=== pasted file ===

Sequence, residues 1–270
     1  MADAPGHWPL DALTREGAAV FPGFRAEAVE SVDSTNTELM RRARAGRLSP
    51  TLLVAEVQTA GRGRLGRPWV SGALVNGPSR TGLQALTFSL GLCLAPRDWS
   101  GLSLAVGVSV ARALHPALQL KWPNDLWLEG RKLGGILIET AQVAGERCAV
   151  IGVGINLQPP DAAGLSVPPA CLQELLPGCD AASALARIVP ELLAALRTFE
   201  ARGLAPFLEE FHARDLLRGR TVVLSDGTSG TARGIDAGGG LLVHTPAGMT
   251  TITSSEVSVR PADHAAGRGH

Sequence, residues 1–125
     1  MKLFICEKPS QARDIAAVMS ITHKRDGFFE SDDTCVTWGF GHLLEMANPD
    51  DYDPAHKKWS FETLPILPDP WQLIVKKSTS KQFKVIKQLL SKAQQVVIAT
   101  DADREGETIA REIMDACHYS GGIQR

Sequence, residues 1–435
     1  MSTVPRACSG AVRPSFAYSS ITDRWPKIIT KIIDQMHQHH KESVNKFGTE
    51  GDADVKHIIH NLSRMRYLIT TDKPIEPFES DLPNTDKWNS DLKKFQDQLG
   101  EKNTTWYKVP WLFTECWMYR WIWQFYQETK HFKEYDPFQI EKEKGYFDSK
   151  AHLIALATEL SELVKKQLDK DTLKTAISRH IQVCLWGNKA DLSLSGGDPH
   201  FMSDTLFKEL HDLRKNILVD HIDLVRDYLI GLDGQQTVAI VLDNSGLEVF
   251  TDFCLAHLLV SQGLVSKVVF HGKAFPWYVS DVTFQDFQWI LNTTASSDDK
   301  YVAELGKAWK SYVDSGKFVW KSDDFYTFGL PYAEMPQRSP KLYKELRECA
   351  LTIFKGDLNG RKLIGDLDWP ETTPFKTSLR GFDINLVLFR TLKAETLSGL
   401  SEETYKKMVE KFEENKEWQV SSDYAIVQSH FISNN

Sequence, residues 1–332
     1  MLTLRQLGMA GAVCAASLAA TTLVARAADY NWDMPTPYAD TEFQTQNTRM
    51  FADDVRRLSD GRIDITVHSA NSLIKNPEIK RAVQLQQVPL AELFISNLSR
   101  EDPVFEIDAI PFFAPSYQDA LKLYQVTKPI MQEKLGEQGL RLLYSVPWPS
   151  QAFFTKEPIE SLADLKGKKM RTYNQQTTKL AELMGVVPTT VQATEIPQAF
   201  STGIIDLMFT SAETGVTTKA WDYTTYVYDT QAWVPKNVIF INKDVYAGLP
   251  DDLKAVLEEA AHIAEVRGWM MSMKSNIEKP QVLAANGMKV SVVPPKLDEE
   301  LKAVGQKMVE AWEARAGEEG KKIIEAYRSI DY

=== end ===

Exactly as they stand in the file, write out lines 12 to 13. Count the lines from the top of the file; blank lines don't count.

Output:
Sequence, residues 1–435
     1  MSTVPRACSG AVRPSFAYSS ITDRWPKIIT KIIDQMHQHH KESVNKFGTE